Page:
It should be taken as a given that Russian President Vladimir Putin is a master of ambiguity and strategic surprise.
After the Russian government resigned and Putin proposed amendments to the constitution in January, the Russian leader spent a great deal of time rebuffing claims he would try to run for president again when his fourth term in office was up in March 2024.
But this week, he did not back away from a proposal by Valentina Tereshkova – a trusted supporter and one of the most respected women in Russian politics – to change the constitution to reset Putin’s presidential terms to zero. This would legally allow him to run for the presidency again (and potentially a second consecutive term), thereby extending his reign past 2024 for another 12 years.
The 67-year-old Putin has been in charge of the country for the past 20 years, both as president (2000-08, 2012-present) and as de facto leader while serving as prime minister from 2008-12.
He has stayed in power longer than any other elected Russian head of state and still maintains strong approval ratings. However, the Russian public’s trust of Putin hit a six-year low last month, dropping sharply to just 35% in January.
Putin likely did not make this latest move in response to declining public trust. Rather, the proposed change to the constitution, which must still be approved by Russia’s Constitutional Court and a nationwide referendum, can be explained by three other major factors.
The move to signal possibly staying in power may be driven by the immediate need to offer some support to the volatile Russian markets, which plummeted following the collapse of talks between Russia and OPEC over oil production cuts.
The logic is simple: by indicating he may be staying on, Putin is trying to reassure investors that Russia is unlikely to slide back into internal political turmoil after almost two decades of relative calm under his continuous rule.
The Russian stock exchange improved immediately after the proposed constitutional change was announced and the ruble recovered some lost ground to major foreign currencies. However, this may prove to be just temporary relief.
This week’s announcement may also be an indication of a more serious challenge for Putin – identifying his political successor.
Even as public trust in Putin has declined in recent years, it’s even lower for his political allies, such as former Prime Minister Dmitry Medvedev (5% in January 2020), current Prime Minister Mikhail Mishustin (3%), head of the Russian Federal Assembly Valentina Matvienko (2%) and Moscow mayor Sergey Sobyanin (2%).
The only person the Russians seem to trust (besides Putin) is Defence Minister Sergey Shoygu, who garnered 19% in the January poll.
Shoygu is perhaps Putin’s most loyal ally in his inner circle and could be a potential heir, but it seems he has no ambition for the top job.
Another effect of Putin’s 20 years in power is that the Russian electorate does not see any viable alternative to the current president.
For most Russians, Putin is associated with the country’s rise as a great power, the revival of its military might and the stabilisation of the economy compared with the volatility of the 1990s. He’s also overseen a considerable decline in the risk of terrorist threats in the country.
There is a whole new generation of Russian voters who grew up in a country run only by Putin. Not all support Putin, but many young people are his biggest fans.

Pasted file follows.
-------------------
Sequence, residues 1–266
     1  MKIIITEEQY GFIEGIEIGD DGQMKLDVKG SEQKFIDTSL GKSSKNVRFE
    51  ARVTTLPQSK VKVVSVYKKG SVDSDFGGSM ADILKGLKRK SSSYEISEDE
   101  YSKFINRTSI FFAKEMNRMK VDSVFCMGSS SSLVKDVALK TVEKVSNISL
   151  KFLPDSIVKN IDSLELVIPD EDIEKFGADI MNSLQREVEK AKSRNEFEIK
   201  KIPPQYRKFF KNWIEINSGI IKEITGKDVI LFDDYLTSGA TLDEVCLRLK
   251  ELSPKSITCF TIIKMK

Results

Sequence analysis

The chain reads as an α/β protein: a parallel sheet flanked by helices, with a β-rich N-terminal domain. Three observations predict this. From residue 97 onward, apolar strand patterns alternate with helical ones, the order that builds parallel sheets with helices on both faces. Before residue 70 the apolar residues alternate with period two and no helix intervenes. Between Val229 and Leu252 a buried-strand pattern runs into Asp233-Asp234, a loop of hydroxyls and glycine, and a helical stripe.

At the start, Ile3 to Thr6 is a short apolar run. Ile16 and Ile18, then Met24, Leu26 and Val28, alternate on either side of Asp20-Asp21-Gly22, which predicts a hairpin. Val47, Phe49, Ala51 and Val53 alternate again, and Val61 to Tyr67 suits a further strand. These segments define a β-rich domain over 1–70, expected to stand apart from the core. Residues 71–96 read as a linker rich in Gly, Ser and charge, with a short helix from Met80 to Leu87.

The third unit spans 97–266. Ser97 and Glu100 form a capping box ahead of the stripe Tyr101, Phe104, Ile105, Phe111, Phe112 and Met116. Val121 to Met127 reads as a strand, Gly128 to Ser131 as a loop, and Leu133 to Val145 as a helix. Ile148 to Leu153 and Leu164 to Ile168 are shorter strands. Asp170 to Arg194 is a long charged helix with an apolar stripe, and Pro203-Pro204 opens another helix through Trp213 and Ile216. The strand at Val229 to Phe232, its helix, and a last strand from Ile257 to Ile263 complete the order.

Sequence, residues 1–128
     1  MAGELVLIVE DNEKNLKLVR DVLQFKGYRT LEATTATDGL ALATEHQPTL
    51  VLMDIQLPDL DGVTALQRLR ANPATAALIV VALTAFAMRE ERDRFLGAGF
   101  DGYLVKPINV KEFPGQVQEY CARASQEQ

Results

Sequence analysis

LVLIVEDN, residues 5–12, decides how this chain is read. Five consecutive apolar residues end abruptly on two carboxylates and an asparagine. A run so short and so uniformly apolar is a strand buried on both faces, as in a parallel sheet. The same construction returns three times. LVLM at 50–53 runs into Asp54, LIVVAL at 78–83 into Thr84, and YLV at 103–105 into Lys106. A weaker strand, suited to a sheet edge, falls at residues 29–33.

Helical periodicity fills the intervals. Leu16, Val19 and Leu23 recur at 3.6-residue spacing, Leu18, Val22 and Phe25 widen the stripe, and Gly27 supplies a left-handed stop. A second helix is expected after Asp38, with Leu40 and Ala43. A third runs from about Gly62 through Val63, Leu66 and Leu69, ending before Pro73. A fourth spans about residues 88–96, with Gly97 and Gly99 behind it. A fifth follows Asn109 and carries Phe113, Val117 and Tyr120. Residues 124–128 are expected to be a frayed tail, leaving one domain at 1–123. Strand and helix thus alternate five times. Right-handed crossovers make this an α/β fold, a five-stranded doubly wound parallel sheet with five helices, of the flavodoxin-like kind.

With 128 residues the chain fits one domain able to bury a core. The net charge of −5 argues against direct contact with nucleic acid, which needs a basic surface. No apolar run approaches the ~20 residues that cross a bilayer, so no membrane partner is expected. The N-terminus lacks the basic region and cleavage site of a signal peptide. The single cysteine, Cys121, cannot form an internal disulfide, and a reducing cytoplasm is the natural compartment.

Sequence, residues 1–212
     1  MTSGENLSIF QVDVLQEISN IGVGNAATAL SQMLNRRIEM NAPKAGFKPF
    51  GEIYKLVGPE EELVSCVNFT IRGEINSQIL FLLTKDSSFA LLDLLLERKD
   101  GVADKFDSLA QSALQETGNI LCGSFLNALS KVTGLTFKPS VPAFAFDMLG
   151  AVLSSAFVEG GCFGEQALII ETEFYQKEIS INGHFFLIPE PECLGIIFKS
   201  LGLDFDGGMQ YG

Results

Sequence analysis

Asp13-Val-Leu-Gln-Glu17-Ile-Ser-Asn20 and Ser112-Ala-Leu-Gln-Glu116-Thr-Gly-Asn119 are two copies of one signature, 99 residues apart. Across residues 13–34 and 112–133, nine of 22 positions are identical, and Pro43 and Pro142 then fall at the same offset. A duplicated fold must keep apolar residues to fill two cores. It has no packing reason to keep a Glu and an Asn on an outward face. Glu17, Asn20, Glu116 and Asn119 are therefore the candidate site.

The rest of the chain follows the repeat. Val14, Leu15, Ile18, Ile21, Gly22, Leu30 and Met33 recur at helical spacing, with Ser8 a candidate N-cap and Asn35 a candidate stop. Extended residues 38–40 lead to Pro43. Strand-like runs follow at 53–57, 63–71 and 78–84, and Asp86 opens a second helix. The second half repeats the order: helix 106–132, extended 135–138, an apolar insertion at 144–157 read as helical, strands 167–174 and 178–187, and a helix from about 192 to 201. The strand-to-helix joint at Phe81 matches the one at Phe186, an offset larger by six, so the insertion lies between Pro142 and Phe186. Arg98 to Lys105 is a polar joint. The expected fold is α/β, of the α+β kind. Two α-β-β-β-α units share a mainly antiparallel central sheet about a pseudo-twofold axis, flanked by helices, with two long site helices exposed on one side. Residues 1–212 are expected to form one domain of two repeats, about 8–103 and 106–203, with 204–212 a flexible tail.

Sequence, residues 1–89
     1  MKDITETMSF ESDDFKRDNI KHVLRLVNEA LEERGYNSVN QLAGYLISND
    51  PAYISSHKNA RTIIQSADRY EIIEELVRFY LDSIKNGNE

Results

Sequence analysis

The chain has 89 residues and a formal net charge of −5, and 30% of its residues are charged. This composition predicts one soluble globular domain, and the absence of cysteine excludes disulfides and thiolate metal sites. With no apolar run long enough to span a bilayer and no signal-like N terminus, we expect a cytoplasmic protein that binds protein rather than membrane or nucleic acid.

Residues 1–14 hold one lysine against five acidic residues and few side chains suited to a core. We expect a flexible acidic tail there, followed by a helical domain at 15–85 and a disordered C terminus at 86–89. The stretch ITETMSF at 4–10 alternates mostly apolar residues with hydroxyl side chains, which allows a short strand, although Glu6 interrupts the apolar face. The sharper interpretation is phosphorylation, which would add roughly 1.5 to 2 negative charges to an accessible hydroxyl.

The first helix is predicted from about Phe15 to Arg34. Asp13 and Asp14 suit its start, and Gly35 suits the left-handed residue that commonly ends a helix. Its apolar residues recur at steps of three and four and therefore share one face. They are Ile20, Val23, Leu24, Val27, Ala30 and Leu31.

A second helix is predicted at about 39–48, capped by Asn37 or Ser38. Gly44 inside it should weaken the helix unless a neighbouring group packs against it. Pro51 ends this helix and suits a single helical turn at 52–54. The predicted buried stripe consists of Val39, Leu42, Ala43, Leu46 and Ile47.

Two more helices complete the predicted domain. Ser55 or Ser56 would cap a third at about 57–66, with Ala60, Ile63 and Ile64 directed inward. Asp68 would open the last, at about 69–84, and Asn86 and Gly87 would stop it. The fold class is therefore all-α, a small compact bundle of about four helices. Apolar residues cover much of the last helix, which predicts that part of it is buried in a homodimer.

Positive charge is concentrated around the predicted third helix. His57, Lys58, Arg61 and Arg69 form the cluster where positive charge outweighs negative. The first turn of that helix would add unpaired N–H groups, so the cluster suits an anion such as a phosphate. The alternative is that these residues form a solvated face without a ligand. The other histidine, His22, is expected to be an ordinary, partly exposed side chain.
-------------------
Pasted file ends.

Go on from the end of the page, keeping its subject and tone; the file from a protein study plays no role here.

Russia’s first president, Boris Yeltsin, once faced fierce political opposition in the Duma, the Russian parliament. But under Putin, the parliamentary opposition currently represented by the Communist Party, A Just Russia (a leftist party) and the liberal democrats has lost much of its support to the pro-Putin centrist and nationalist coalition of the United Russia party and the People’s Front movement.
Russia’s real liberal opposition is a lost cause. The most charismatic and trusted opposition figure in Russia, Alexey Navalny, has launched many anti-corruption investigations into figures in Putin’s party, yet his popular support base remains pitifully low. The same political trust poll by the independent Levada Centre shows Navalny at no more than 3% from 2017-20.
The real problem of Russia’s liberal opposition is its continuous failure to engage the vast majority of the conservative Russian electorate. This, combined with its
simultaneous courting of both big business and the small, underdeveloped middle class, as well as select intelligentsia, does more damage to its public reputation than the Kremlin’s oppressive measures.
As such, the Russian electorate is stuck with practically no alternative. On one hand, they want change and recognise Putin is no longer the most effective problem solver. On the other hand, they don’t see anyone else who is as experienced, trustworthy and capable of running the country as Putin.
Being both a populist and pragmatist, Putin has positioned himself well. Putin the populist gives Russians hope by addressing their anxiety over who could lead the country after him. Putin the pragmatist understands that his reputation in the eyes of ordinary Russians, while remaining strong, is nonetheless fading away.
Perhaps most critically, Putin remains a master of evasiveness, and his announcement this week left enough room for him to make a final decision on standing for another term closer to the 2024 election.
Putin’s love of power is balanced by his ambition to be remembered as yet another saviour of Russia. He will go for another term only if he feels confident he can deliver another success story. Failure is not an option for a strong, ambitious personality like Vladimir Putin.